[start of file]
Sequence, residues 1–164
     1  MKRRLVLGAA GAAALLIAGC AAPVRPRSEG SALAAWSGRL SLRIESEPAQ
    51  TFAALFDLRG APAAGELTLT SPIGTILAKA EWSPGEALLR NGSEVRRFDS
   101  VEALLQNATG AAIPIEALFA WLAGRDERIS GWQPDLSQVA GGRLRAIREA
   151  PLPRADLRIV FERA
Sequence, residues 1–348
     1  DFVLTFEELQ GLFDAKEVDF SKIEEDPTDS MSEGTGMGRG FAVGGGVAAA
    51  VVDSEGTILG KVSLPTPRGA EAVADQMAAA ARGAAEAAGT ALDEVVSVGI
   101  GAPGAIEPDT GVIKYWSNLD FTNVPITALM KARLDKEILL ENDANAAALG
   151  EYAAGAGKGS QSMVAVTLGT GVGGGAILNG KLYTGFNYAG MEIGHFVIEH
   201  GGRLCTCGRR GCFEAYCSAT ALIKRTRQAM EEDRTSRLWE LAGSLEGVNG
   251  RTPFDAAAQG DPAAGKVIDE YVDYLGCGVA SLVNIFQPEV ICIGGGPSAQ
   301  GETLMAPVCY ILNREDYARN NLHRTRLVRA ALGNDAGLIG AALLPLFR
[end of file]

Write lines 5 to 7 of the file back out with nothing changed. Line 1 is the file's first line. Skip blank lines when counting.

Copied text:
   151  PLPRADLRIV FERA
Sequence, residues 1–348
     1  DFVLTFEELQ GLFDAKEVDF SKIEEDPTDS MSEGTGMGRG FAVGGGVAAA